This last point raises another issue: you need to consider the spec, not just the program, in figuring out your minimal test suite. You can’t examine the program and see that it’s computing a cubic and then make four test cases. Maybe the spec wants something more complicated than a cubic.

Sam’s example sounds really good for coming up with achievable partial results. Instead of going after specs in general, maybe go after some specific forms of specs, such as a lack of null dereference?

10. tobi says:

How would this apply to the following:

int MulBy2(int x) { return x + 2; }

assert(MulBy2(2) == 4);

What tells us that we need a 2nd test case to distinguish the two functions? As there is only one possible code path (and only one abstract state) one test should be enough from any tools view.

11. tobi says:

And by “two functions” I mean (x+2) and (x*2) which happen to behave identically regarding the test case.

12. bcs says:

Or put another way: The simplest proof that a give chunk of code works for a given input set is to run the code with that input and examine the results. The next steps are:

1) expand that single specific test case to the largest provably equivalent class of cases.
2) find a new input set that is not in that equivalence class.
3) run it and (possibly interactively) learn if it is also working correctly.
3) go back to 1 until it can be proven that the set of discovered equivalence classes is covering (it need not be a partition).

13. Thanks Sam! I’ll maybe do an updated post later on after reading that and the Pathfinder paper.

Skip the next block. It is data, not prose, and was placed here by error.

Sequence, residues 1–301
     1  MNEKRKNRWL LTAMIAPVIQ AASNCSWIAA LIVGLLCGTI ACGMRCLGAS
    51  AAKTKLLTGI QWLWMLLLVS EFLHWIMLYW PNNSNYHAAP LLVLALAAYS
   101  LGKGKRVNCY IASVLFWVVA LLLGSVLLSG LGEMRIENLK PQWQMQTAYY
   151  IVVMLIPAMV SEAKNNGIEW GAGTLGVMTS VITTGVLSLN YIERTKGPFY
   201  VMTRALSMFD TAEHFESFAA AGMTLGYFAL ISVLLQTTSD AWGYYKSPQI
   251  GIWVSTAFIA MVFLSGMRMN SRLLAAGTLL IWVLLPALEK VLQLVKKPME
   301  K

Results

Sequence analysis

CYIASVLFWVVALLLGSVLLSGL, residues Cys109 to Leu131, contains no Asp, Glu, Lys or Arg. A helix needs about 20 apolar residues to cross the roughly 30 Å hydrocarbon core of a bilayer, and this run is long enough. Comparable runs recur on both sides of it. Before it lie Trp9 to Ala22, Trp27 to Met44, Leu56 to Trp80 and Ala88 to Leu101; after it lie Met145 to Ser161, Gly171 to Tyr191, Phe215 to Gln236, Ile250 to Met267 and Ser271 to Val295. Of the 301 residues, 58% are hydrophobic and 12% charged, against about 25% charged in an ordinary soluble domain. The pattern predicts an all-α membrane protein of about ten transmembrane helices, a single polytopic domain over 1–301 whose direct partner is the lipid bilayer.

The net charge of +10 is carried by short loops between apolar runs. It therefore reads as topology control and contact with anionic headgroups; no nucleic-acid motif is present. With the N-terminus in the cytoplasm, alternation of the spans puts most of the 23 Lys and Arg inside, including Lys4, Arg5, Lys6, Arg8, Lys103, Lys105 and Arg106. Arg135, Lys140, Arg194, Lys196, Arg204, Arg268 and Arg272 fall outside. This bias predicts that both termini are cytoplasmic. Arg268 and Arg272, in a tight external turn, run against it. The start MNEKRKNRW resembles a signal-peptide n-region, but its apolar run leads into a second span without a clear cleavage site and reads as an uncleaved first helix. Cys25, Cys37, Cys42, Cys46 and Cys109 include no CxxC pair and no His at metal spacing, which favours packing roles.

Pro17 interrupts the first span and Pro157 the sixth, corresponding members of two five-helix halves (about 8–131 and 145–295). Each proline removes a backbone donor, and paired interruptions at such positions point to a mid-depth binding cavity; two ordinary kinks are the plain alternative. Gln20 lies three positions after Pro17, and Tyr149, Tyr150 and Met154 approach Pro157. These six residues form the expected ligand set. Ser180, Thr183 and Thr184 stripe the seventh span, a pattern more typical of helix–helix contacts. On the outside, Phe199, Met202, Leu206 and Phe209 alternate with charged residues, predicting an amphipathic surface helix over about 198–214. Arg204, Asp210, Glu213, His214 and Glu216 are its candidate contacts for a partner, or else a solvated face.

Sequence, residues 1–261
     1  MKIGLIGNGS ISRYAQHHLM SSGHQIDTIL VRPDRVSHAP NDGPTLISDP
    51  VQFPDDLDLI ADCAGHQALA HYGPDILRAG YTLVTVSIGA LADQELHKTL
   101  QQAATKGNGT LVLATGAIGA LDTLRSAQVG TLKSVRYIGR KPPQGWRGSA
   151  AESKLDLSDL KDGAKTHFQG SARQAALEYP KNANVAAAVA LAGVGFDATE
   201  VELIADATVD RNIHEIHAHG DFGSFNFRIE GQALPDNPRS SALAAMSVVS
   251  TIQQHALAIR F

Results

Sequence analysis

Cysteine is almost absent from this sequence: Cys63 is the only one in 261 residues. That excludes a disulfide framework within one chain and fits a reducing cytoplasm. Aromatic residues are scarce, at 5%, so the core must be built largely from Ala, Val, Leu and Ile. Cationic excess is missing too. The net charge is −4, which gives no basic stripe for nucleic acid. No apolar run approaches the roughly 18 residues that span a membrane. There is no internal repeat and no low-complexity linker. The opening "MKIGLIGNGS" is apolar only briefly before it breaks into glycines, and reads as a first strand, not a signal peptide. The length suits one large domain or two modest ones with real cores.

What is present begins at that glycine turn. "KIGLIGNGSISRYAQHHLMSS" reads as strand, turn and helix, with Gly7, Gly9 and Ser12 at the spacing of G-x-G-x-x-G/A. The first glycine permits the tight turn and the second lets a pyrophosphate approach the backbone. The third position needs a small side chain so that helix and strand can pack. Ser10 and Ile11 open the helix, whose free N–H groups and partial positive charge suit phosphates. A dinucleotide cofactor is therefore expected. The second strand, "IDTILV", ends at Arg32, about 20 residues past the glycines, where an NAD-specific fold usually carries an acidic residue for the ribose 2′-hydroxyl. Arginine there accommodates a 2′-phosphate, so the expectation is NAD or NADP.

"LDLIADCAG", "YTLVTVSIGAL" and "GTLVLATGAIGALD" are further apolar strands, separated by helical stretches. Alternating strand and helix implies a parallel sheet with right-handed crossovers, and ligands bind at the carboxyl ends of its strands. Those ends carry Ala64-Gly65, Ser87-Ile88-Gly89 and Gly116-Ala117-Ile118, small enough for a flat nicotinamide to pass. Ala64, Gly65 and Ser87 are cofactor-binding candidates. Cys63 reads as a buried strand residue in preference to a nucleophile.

Lex, you’re right, the partitioning depends on the specification as well as the program.

Hi Tobi, the proof is going to have to show that the code and specification are equivalent for the entire partition. We definitely can’t just look at this one test case and be done with it. My hypothesis is that this is not so difficult when both the program and the specification are continuous functions for that particular set of inputs. In other words: discontinuous behavior is one of the major reasons that proving things about software is hard.

So basically the answer that we get from running the test case is not the important thing. The important thing about the test case is that it is showing us a concrete path through the system under test (and the specification) that we will need to reason about.

14. bcs, good point! It’s fine if there’s overlap between “partitions.”

15. Sharkey says:

bcs, that’s a pretty good description of concolic testing. I think the Microsoft SAGE approach is a good start to this type of equivalence testing, although the equivalence class inferences may not be ideal.